Biodiversity net gain scheme faces threats, warns NAO

The National Audit Office (NAO) has warned that the Department for Environment, Food and Rural Affairs (Defra) new biodiversity net gain (BNG) scheme was launched without all the elements required to make it a long-term success.

In a new report published today, the NAO warns that Defra needs to manage a range of risks from the policy, which was launched in February and aims to ensure developers in England work to protect or improve diversity on development land.

Statutory biodiversity net gain was legislated for as part of Defra’s 2021 Environment Act. It applies new rules in England which mean that development must have a measurably positive impact (‘net gain’) on biodiversity compared to previously, improving the habitats by a net 10%.

These improvement goals ideally need to be met on-site but when that is not achievable then developers can create off-site gains elsewhere or purchase them through a new private market for biodiversity units.

The three-stage approach of BNG saw major developments in scope from February 2024, small developments from April 2024 and nationally significant developments from November 2025.

Preparation costs and the launch of the scheme have worried stakeholders, according to the report.

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Although local authorities received funding to help prepare them for BNG two years ahead of its launch Defra has acknowledged that some weren’t ready.

The NAO report says there are various risks to local authorities carrying out effective compliance and enforcement for statutory BNG. These include the fact that Defra doesn’t intend to centrally monitor how on-and off-site biodiversity gains are being enforced by local authorities.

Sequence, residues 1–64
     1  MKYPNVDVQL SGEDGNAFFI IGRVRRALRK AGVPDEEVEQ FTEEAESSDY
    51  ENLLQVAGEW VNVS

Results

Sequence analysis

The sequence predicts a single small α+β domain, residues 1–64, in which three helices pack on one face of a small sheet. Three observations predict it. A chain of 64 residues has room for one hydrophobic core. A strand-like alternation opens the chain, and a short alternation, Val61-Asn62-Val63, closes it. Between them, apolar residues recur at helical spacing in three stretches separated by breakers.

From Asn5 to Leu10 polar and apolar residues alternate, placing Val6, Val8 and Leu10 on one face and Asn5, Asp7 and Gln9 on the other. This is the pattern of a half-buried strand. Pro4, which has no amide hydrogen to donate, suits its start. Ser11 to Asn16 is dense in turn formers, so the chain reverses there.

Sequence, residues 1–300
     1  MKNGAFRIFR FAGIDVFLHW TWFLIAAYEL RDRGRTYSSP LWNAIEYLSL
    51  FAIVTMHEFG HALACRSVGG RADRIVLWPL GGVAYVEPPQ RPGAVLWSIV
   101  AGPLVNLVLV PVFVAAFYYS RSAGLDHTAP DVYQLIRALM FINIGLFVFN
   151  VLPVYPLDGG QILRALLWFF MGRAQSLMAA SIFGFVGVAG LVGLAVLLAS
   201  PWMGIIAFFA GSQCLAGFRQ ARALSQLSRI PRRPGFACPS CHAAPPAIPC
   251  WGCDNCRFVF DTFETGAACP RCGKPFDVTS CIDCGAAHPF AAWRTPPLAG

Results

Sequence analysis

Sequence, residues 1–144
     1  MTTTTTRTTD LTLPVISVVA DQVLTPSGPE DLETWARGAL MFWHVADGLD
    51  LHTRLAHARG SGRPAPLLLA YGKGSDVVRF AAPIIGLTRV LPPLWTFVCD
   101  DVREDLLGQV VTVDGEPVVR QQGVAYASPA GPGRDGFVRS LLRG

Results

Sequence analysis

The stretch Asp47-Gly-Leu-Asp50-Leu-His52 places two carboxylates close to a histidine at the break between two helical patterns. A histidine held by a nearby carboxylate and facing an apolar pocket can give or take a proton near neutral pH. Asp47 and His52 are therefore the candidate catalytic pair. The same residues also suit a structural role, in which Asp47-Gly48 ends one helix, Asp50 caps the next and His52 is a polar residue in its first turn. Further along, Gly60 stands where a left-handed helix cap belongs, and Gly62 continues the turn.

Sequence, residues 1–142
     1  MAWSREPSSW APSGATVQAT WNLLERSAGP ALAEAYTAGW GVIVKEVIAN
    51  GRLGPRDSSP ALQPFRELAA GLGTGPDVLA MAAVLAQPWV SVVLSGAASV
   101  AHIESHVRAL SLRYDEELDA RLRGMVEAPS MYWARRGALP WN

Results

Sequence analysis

It also says that Natural England and Defra lack the relevant information to evaluate the success of the scheme and that Defra is relying on a private sector market for biodiversity units emerging without knowing how quickly it can scale up or satisfy demand.

As part of its recommendations, the NAO suggests that the government establish a mechanism for spending income from the sales of statutory biodiversity credits and that local authorities need adequate and timely funding certainty that will enable longer-term planning in how they will enforce the scheme.

Gareth Davies, head of NAO, said:The statutory biodiversity net gain scheme is the first national scheme of its kind to build requirements for enhancing biodiversity into planning approval. However, it was launched with risks to the long-term effectiveness of the policy.”

“These include uncertainty about whether the fledgling market for biodiversity units scales up to satisfy developers’ demand, risks to enforcement and gaps in its information.

“Defra must address these issues, including by plugging gaps in its information so that it can effectively evaluate the scheme’s success.”

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